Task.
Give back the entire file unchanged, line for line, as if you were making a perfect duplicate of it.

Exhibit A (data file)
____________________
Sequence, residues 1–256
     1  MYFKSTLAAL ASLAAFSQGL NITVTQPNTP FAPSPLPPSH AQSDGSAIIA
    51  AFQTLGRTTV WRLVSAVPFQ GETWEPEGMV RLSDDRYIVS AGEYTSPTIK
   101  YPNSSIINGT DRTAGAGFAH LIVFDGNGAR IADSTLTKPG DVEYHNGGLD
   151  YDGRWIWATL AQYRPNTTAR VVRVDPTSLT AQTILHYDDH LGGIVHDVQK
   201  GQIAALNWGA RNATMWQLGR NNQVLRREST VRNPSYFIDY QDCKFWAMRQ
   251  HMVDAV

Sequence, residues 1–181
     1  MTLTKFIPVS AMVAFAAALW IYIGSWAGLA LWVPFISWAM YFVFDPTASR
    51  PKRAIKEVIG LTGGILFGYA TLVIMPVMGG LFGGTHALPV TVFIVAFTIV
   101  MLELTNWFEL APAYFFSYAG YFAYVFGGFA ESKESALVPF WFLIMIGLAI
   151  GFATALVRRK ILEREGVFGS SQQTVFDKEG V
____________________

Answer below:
Sequence, residues 1–256
     1  MYFKSTLAAL ASLAAFSQGL NITVTQPNTP FAPSPLPPSH AQSDGSAIIA
    51  AFQTLGRTTV WRLVSAVPFQ GETWEPEGMV RLSDDRYIVS AGEYTSPTIK
   101  YPNSSIINGT DRTAGAGFAH LIVFDGNGAR IADSTLTKPG DVEYHNGGLD
   151  YDGRWIWATL AQYRPNTTAR VVRVDPTSLT AQTILHYDDH LGGIVHDVQK
   201  GQIAALNWGA RNATMWQLGR NNQVLRREST VRNPSYFIDY QDCKFWAMRQ
   251  HMVDAV

Sequence, residues 1–181
     1  MTLTKFIPVS AMVAFAAALW IYIGSWAGLA LWVPFISWAM YFVFDPTASR
    51  PKRAIKEVIG LTGGILFGYA TLVIMPVMGG LFGGTHALPV TVFIVAFTIV
   101  MLELTNWFEL APAYFFSYAG YFAYVFGGFA ESKESALVPF WFLIMIGLAI
   151  GFATALVRRK ILEREGVFGS SQQTVFDKEG V